Reflex that drove austerity rolling back equality for women. Long. Long. Long.

Alterations to family structure in the twentieth century constitute some of the most significant alterations in human organisation in history, and involved changing lifespans, birthrates, and emergence of new systems(Allan, et al, 2001, pg.819-837, Arber et al, 2007, Bengston, 2001, pg.1-16). 20th century economists could not have been aware how significant this was. Guided by Keynes thoughts on instability, I explore the evolution of systems around these changes. I find a complex synthesis of institutions reflecting major unexpected alterations to the structure of our society and economy, reflecting evolving power relations in the 20th century. I identify the change to family structure as a major force shaping institutions in the 20th century.

 

Juxtaposing these systems against the belief system shaping our cash transfer system, I demonstrate an individualist belief system blind to these shifts is generating reflex response to crisis, which is generating political risk, institutional failure and social and legal crisis. I build on Minsky’s thoughts on cash transfer systems, demonstrating the reflex described by Mary Daly and Jane Lewis, to strip back capacities to care, has also driven this cycle. The resulting crisis vindicates Hayek’s warning to William Beveridge in Road to Serfdom, adding another dimension of the cycle identified by Minsky in ‘Stabilising and Unstable Economy’. I argue this was inevitable, and allows us to examine systems over their lifespan, analysing data for known outcome instead of what was responded to at the time.
Literature Review

 

Atkinson, Galbraith share common themes in ‘Inequality: What can be done about it?’ and ‘Inequality: What everyone needs to know’. Galbraith and Atkinson highlight limitations of existing tools in illuminating the multi-dimensional nature of inequality, with Galbraith outlining the need for new inequality measures in in Inequality and Instability(Galbraith, 2016, 2012, pg.20-43). Galbraith places financialisation as a driver of instability and inequality, welfare economics central to this(Galbraith, 2012, pg.20, pg.5, pg.108-109). There is  agreement inequality fell significantly during World War 2, welfare state institutions shaped by changing family structure, were established here(Atkinson, 2015, pg.57, Galbraith, 2016, Piketty, pg.271, Milanovic, 2016). Piketty explores the language of rights, and stigma attached to the modern welfare state and ‘alludes to real inequalities’, the evolution of these systems is of concern (Piketty, 2014, pg.478-9).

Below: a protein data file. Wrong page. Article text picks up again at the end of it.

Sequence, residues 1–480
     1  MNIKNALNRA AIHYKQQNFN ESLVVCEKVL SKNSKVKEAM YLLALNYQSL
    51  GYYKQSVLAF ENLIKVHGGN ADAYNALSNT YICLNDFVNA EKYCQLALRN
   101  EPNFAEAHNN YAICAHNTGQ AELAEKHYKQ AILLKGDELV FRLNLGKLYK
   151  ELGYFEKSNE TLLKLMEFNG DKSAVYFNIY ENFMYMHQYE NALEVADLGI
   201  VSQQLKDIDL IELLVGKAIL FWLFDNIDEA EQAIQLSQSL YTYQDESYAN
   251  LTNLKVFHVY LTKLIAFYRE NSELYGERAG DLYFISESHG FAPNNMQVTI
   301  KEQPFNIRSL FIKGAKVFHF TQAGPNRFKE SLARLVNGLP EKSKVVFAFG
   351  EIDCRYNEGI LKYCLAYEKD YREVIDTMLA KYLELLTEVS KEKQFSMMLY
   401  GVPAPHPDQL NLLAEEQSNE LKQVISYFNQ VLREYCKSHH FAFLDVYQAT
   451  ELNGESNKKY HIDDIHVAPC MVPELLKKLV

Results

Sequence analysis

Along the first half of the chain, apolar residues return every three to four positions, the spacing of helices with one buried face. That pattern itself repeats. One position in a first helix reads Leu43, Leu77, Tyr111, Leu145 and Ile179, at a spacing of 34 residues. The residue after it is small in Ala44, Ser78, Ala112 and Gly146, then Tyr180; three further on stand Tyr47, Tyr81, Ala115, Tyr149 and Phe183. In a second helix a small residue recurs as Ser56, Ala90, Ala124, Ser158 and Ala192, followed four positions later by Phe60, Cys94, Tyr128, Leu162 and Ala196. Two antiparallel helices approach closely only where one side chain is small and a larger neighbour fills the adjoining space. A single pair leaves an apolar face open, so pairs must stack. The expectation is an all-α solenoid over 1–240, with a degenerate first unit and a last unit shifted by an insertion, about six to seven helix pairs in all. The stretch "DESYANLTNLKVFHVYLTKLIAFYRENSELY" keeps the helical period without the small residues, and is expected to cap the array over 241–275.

Minsky says there is little that can be done with an ‘institution until it has run its course’and ‘market forces will shape it, these include evolutionary forces(MInsky, 1986, pg.8). Milanovic states inequality does not go down by itself rather it generates processes (Milanovic, 2016, pg.98).

 

Through Galbraith, Atkinson’s and Piketty’s overarching narratives we gain a view inequality is cyclical, we are seeking a multi-dimensional understanding of the economy we do not have. This understanding would be beyond capacity of a single perspective but crisis tell us how systems are connected and expose power dynamics. Keynes and Hayek are agreed that systems show their flaws over time and ideas erode, it must follow that system failure is cyclical(Minsky, 2008,  Minsky, 1986, Caldwell, 2007). The context changes around economic models, this has to generate crisis(Skidelsky, 2016).

 

Through Allan et al, Bengston and Attius-Donfut and Arber, we find changes to family structure constitute some of the most significant alterations to human organisation in history, accompanying changes to birthrate, lifespan, and this shaped institutional development in the twentieth century, and is shaping the demands on 21st century systems, including our cash transfer system (Allan, et al, 2001, Bengston, 2001, Arber al, 2007). These were fundamental alterations to the structure of our economy and society and shaped our institutional structure organically.

 

Minsky acknowledges that at time of writing his understanding of care is limited, but that changing demographics will make this more important, that ‘economic policy must reflect an ideological vision’ but ‘it is naive to assume all stated social and economic goals are mutually consistent’(Minsky, 1986, pg.9, pg.11). Institutions mediate power relations, power relations evolve and so do institutions.